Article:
“And thou shalt love the Lord thy God with all thine heart...soul...might.” This does not mean that one should love God in different ways, for these terms overlap in meaning. They were to love God in one way: with the unswerving, complete, steadfast loyalty that is the very foundation of the covenant community. Such devotion leaves no place for another god, an idol, or anything that would take one’s attention from Him. God had fastened His love upon them and that love was designed to evoke Israel’s response: love for God, and subsequently, love for their neighbors (Mark 12:31).

Belief is designed to affect lifestyle. The experiential knowledge of God should motivate one to live in a way pleasing to Him. Sincerity, faithfulness, integrity, kindness—these should not be meaningless terms found only on the pages of a dictionary. Holiness is not hardship to him who has seen the holiness of God. Right living is prompted by right thinking. Theology affects lifestyle. Believers in one righteous, omniscient, loving God do not find it difficult to pray or separate themselves from the world. When one has spent years behind a prison wall, and then is released, he does not buy a lot next to the prison to build his home. He wants to get as far from it as possible. Believers who have been released from the bondage of the world want to get as far away from it as possible!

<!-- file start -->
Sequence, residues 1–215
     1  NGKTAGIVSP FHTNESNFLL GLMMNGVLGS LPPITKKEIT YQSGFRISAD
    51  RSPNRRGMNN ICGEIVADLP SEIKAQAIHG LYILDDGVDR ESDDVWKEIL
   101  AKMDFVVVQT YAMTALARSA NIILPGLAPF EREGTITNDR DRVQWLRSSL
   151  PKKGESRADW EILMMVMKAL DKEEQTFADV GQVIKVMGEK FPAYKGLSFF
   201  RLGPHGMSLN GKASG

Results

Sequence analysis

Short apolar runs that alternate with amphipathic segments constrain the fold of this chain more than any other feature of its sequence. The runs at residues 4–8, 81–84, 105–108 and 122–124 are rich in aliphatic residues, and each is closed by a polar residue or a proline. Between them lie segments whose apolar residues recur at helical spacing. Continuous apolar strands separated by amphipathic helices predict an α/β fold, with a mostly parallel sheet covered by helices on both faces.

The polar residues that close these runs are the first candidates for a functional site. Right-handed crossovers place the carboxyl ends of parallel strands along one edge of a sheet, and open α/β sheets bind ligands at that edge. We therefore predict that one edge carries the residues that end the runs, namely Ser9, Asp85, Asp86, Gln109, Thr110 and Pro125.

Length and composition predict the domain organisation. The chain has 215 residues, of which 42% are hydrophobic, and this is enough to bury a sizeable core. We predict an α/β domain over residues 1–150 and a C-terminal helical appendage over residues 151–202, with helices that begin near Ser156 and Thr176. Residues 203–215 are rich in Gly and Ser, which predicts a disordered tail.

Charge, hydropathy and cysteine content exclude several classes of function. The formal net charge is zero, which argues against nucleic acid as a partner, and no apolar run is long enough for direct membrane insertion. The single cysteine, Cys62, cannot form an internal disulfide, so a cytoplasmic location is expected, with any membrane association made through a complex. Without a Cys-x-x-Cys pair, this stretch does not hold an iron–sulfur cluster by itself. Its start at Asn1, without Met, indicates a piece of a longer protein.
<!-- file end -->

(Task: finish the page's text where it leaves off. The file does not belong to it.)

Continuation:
The Shema still speaks to us today—about God, about our families, and about our loyalty. He who is wise will “hear.”